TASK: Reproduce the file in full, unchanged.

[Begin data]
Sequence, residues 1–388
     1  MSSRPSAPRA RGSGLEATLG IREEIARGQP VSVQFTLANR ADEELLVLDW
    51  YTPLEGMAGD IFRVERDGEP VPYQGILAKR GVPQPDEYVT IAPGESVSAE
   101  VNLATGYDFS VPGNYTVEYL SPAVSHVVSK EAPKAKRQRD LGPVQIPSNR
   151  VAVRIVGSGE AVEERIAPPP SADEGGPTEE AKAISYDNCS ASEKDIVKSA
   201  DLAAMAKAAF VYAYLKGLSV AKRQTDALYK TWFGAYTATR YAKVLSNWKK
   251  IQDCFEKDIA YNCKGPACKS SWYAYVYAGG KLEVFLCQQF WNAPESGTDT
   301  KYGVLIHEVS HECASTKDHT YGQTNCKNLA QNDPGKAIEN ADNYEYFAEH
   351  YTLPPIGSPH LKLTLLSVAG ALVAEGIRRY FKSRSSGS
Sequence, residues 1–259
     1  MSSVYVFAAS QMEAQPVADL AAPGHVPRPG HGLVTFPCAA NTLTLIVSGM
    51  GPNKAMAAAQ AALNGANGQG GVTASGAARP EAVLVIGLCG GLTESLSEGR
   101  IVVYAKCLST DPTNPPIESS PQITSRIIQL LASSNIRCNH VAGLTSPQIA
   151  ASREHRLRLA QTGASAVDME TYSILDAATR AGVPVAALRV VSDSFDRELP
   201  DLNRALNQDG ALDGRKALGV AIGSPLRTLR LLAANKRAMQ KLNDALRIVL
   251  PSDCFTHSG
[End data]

Sequence, residues 1–388
     1  MSSRPSAPRA RGSGLEATLG IREEIARGQP VSVQFTLANR ADEELLVLDW
    51  YTPLEGMAGD IFRVERDGEP VPYQGILAKR GVPQPDEYVT IAPGESVSAE
   101  VNLATGYDFS VPGNYTVEYL SPAVSHVVSK EAPKAKRQRD LGPVQIPSNR
   151  VAVRIVGSGE AVEERIAPPP SADEGGPTEE AKAISYDNCS ASEKDIVKSA
   201  DLAAMAKAAF VYAYLKGLSV AKRQTDALYK TWFGAYTATR YAKVLSNWKK
   251  IQDCFEKDIA YNCKGPACKS SWYAYVYAGG KLEVFLCQQF WNAPESGTDT
   301  KYGVLIHEVS HECASTKDHT YGQTNCKNLA QNDPGKAIEN ADNYEYFAEH
   351  YTLPPIGSPH LKLTLLSVAG ALVAEGIRRY FKSRSSGS
Sequence, residues 1–259
     1  MSSVYVFAAS QMEAQPVADL AAPGHVPRPG HGLVTFPCAA NTLTLIVSGM
    51  GPNKAMAAAQ AALNGANGQG GVTASGAARP EAVLVIGLCG GLTESLSEGR
   101  IVVYAKCLST DPTNPPIESS PQITSRIIQL LASSNIRCNH VAGLTSPQIA
   151  ASREHRLRLA QTGASAVDME TYSILDAATR AGVPVAALRV VSDSFDRELP
   201  DLNRALNQDG ALDGRKALGV AIGSPLRTLR LLAANKRAMQ KLNDALRIVL
   251  PSDCFTHSG